• Demonstrate leadership in an online professional community, e.g. take the initiative in proposing appropriate media and working methods, facilitate the group working through agreed processes and evaluate group outputs.
  • Give evidence of engagement in online communities and professional (subject) groups using multiple technologies and demonstrate successful management of group interactions.

Assessment strategy

The assessment will consist of three elements, addressing the learning outcomes of this module.

There are two elements of individual assessment (70% of the total assessment weighting for the module), and one element of group assessment (30% of the total assessment).

The individual assessments comprise a 1 hour and 30 minute unseen exam (40% of the total assessment weighting for the module) and a reflective continuing professional development portfolio (30% of the total assessment weighting for the module).

Bibliography

Rees, G. and French, R. (eds.) (2013) Leading, Managing and Developing People, London: CIPD.
Watson, G. and Reissner, S. (2010) Developing Skills for Business Leadership, London: CIPD.

You may find the following text particularly useful in preparing your personal portfolio:
Pedler, M., Burgoyne, J. and Boydell, T. (20010 A manager's guide to self-development. (2nd edition). Maidenhead: McGraw-Hill.

The CIPD website is also particularly useful:  www.cipd.co.uk

Other Suggested Reading:

There is no one text which covers all the content areas of the module. However you should find that most Organisational Behaviour or Management textbooks will cover most of the main areas of the module.  In particular you may find the following texts helpful:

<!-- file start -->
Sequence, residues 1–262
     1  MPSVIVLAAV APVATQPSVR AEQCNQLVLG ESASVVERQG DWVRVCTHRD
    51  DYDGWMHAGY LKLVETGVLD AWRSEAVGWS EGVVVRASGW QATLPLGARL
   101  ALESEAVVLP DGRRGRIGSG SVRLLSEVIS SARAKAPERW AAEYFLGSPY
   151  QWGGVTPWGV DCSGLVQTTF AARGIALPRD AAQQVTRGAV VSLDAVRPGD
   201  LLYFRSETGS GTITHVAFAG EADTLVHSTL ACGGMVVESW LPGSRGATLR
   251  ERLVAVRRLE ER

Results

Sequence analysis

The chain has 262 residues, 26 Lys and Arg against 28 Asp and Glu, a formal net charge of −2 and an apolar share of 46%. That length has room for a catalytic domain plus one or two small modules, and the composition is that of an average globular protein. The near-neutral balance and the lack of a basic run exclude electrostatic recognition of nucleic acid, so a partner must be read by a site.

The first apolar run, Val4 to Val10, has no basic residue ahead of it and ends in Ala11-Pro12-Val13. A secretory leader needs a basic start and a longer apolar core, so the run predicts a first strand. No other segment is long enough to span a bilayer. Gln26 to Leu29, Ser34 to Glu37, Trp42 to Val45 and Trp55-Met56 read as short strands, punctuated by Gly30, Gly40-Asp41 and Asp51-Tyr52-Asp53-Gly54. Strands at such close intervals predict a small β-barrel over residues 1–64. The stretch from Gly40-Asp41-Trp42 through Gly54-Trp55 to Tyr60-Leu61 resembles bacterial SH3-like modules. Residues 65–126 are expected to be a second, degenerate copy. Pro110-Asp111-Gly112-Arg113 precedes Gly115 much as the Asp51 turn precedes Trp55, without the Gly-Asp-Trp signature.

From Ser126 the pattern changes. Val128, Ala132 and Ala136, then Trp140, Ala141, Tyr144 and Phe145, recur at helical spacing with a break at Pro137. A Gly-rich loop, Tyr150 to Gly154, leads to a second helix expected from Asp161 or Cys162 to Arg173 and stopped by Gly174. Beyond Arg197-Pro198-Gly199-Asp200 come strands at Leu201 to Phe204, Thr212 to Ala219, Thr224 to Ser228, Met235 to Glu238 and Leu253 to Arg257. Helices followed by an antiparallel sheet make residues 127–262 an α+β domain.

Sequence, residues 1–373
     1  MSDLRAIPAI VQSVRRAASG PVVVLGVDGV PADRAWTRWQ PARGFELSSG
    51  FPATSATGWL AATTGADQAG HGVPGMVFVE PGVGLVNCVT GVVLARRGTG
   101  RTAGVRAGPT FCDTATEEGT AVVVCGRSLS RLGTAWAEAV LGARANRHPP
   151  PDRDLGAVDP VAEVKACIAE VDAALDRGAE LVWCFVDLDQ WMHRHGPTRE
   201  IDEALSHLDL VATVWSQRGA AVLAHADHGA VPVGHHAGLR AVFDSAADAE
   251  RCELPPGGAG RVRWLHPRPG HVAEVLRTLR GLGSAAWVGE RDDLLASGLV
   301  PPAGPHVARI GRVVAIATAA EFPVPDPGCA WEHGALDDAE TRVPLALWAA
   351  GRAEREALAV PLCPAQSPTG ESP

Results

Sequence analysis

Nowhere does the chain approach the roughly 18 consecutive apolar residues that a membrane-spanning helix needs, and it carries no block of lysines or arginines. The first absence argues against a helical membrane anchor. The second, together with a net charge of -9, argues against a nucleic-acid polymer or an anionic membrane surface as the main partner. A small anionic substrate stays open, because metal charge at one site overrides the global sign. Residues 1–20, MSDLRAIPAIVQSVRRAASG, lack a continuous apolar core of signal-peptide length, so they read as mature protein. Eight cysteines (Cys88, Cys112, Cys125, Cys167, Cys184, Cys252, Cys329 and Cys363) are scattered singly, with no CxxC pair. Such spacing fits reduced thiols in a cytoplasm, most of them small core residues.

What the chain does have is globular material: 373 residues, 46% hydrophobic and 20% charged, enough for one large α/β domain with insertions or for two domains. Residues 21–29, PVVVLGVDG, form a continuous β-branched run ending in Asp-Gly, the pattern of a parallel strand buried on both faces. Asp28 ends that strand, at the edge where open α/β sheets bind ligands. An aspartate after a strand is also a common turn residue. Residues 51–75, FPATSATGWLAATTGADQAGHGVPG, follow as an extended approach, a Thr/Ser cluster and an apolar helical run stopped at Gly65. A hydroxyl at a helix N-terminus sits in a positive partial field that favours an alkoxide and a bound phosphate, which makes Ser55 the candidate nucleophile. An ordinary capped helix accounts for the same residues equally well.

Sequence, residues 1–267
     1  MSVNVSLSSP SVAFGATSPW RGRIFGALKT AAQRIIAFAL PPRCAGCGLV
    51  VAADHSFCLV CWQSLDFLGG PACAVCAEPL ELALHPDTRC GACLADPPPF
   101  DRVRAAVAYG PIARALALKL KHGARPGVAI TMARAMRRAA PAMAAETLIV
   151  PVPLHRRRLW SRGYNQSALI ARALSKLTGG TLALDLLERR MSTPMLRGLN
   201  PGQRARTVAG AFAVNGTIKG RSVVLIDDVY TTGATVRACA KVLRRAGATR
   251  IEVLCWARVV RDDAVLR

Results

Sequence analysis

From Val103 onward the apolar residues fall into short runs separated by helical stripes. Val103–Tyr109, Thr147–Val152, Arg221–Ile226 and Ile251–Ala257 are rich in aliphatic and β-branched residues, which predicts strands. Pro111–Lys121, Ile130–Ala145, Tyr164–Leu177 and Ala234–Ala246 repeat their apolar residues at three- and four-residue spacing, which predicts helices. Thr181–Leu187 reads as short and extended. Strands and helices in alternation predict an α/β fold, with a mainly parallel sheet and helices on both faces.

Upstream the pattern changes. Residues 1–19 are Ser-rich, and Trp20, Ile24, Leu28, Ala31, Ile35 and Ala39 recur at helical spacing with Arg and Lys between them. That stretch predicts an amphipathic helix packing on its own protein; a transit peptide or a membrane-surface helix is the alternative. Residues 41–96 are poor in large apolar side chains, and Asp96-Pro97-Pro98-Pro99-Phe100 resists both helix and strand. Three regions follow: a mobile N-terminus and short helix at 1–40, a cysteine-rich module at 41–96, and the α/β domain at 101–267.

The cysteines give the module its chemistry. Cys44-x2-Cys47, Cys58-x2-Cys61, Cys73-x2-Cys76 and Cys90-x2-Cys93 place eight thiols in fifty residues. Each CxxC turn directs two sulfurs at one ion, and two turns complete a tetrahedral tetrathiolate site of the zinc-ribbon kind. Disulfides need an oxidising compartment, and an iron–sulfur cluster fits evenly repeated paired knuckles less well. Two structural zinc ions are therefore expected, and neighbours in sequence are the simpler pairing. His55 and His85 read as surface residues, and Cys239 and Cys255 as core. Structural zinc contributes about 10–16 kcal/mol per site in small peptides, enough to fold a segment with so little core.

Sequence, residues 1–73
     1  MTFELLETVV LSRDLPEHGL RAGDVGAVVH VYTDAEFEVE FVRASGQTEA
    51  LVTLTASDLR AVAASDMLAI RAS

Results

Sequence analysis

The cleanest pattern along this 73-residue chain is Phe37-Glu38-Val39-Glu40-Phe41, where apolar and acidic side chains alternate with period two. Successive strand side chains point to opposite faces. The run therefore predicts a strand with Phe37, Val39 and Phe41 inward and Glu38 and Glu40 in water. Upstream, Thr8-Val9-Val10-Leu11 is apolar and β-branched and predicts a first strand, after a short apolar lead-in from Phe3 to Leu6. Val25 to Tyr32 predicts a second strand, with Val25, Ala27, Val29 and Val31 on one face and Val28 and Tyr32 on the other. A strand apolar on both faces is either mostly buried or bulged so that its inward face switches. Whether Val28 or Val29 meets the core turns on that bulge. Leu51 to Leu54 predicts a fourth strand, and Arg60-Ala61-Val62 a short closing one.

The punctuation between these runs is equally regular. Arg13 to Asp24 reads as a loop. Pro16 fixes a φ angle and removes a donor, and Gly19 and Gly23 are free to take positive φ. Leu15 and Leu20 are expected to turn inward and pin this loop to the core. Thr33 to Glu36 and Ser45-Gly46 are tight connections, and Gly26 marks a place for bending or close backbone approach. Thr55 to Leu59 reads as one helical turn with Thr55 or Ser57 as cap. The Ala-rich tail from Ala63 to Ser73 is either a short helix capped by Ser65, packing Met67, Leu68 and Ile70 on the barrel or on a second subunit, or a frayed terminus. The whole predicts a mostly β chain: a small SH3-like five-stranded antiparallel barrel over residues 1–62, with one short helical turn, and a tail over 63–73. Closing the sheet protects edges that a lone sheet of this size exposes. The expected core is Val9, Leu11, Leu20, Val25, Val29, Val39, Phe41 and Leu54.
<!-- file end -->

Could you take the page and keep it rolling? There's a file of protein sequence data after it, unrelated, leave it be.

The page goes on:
Academy of Management Review (2004) Special Topic Forum on the Future of Work Motivation Theory, Vol. 29, No. 3, July 2004, pp. 339-499.
Armstrong, M. (1999) Managing Activities, London: CIPD.
Armstrong, M. and Stephens, T. (2005) A Handbook of Employee Reward Management and Practice, London: Kogan Page.
Armstrong, M. (2012) A Handbook of Human Resource Management Practice, (12th edition), London: Kogan Page.
Bloisi, W. (2007) An Introduction to Human Resource Management, Maidenhead: McGraw Hill.
Bratton, J. and Gold, J. (2012) Human Resource Management: Theory and Practice, Basingstoke: Palgrave Macmillan.(5th edition)
Burnes, B. (2009) Managing Change, Harlow: Prentice Hall (5th edition).
Carnegie, D. (2006) How To Win Friends and Influence People, London : Simon and Schuster, 2011
Carnall, C.A. (2007) Managing Change in Organizations, London: Prentice Hall(5th edition)